Fourth man charged in big Near North Side gun case. Officials say he was on electronic monitoring for a machine gun case at the time and ran away to Texas.

Chicago — Authorities have now charged a fourth man with bailing out of a stolen car with a cache of firearms on the Near North Side in January. At the time of the incident, he was on electronic monitoring for allegedly possessing firearms during a remarkably similar incident last year. Officials found him in Texas—without his electronic monitoring bracelet.

Around 3:43 p.m. on January 10, state troopers tried to pull over a stolen Infiniti on the South Side. The car sped away from cops, but an Illinois State Police plane tracked the vehicle up the Dan Ryan Expressway, onto Lake Shore Drive, and onto the 1100 block of North Wells, where four men wearing ski masks bailed out and ran into an apartment complex.

Israel Baker and the two AK47-style weapons police found in the car. | Cook County sheriff’s office; Chicago Police Department

Surveillance video showed the men running through the lobby wearing ski masks and going to the 12th floor, where apartments are rented out short-term, similar to hotel rooms. Police found two AK-47s on the driver’s side of the rear seat, where Garland exited, Sammarco said.

Shortly after entering the 12th-floor apartment, two men stepped back out of the room and were captured on video as they dumped four guns down a trash chute, according to prosecutors. Cops allegedly recovered the weapons from a bin at the bottom of the chute, along with a bag of ammunition and the stolen car’s key fob.

Two men arrested that night are facing felony gun charges. A third man was charged in February after Chicago police used facial recognition technology to identify him in the other two men’s social media posts.

Now, officials say they’ve arrested the fourth man: 21-year-old Israel Baker.

Prosecutors on Saturday said Baker bailed out of the rear passenger seat of the stolen car, where he had been seated next to a pair of AK47-style weapons. Police identified Baker as the fourth person through a “social media investigation” and in “coordination with the Cook County electronic monitoring program,” according to court records.

Baker may be experiencing a bit of déjà vu because the details of his October arrest are strikingly similar to what happened in January.

On October 18, a federal law enforcement helicopter spotted a stolen car in traffic, and they tracked it to the 2700 block of West 64th Street, where its occupants bailed out and ran into a vacant home, according to court records.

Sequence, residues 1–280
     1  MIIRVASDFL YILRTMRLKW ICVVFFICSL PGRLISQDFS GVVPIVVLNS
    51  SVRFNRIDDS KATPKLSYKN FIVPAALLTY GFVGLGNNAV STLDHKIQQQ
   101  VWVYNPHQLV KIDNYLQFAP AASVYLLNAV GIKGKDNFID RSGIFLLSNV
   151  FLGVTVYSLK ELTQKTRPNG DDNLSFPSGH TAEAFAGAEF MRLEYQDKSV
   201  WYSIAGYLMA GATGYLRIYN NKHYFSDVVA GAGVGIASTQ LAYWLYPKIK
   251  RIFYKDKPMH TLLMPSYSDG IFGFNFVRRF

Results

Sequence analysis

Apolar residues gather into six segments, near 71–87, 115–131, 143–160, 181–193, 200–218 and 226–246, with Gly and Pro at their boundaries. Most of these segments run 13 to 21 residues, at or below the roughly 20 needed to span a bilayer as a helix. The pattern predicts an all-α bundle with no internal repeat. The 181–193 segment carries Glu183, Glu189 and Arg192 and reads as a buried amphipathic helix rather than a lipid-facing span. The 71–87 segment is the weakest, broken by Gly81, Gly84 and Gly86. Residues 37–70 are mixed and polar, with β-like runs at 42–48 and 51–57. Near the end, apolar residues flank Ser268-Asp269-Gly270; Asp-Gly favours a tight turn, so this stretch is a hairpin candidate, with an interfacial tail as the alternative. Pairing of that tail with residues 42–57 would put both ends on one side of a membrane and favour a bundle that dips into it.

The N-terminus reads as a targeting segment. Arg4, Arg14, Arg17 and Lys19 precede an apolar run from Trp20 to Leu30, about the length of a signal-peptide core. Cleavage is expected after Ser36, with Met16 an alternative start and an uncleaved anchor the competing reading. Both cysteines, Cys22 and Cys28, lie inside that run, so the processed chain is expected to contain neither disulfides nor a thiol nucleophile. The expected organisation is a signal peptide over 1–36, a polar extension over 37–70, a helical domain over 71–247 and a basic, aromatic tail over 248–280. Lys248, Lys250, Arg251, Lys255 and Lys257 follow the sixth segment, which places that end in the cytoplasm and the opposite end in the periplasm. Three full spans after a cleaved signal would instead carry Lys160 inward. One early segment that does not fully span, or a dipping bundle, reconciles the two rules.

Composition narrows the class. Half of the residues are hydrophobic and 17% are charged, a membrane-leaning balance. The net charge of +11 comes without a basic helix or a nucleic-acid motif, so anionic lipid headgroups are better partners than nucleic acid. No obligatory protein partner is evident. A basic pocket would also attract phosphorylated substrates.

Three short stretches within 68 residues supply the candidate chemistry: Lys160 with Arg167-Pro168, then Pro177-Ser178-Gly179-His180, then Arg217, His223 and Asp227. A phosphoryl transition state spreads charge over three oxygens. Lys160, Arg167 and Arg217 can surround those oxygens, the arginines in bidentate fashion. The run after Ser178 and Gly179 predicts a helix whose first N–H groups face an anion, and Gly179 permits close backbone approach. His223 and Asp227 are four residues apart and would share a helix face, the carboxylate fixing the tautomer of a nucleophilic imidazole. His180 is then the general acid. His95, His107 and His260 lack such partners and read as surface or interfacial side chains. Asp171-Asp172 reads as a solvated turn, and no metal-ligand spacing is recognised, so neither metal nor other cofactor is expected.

Cops allegedly found Baker inside the home with several loaded ammunition magazines in his clothing and two firearms nearby. One of the guns was stolen, and one was capable of automatic fire, like a machine gun.

He was also carrying four baggies of crack, and key fobs for a BMW, two Jeeps, a Kia, a Nissan, and an Infiniti, police said.

Judge Mary Marubio ordered Baker to pay a $1,000 bail deposit to go home on electronic monitoring the next day.

When Baker failed to appear for a court date two days after the Near North Side incident, a warrant was issued for his arrest. Last month, he was arrested in Grand Prairie, Texas, just west of Dallas.

Baker was returned to Chicago Friday to face new charges of aggravated unlawful use of a weapon and escape. Judge William Fahy held him without bail for violating bond in the October case. Separately, Fahy ordered him to pay a $20,000 bail deposit to be released on the new gun and escape charges.

Baker has no adult convictions, but he was adjudicated delinquent as a juvenile for robbery in 2019, burglary in 2018, and carjacking in 2017, prosecutors said.

His public defender said he is the father of two, with one on the way. He had been living with his mother “before living in Texas,” according to his lawyer.

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CWBChicago was created in 2013 by five residents of Wrigleyville and Boystown who had grown disheartened with inaccurate information that was being provided at local Community Policing (CAPS) meetings. Our coverage area has expanded since then to cover Lincoln Park, River North, The Loop, Uptown, and other North Side Areas. But our mission remains unchanged: To provide original public safety reporting with better context and greater detail than mainstream media outlets. Our editorial email address is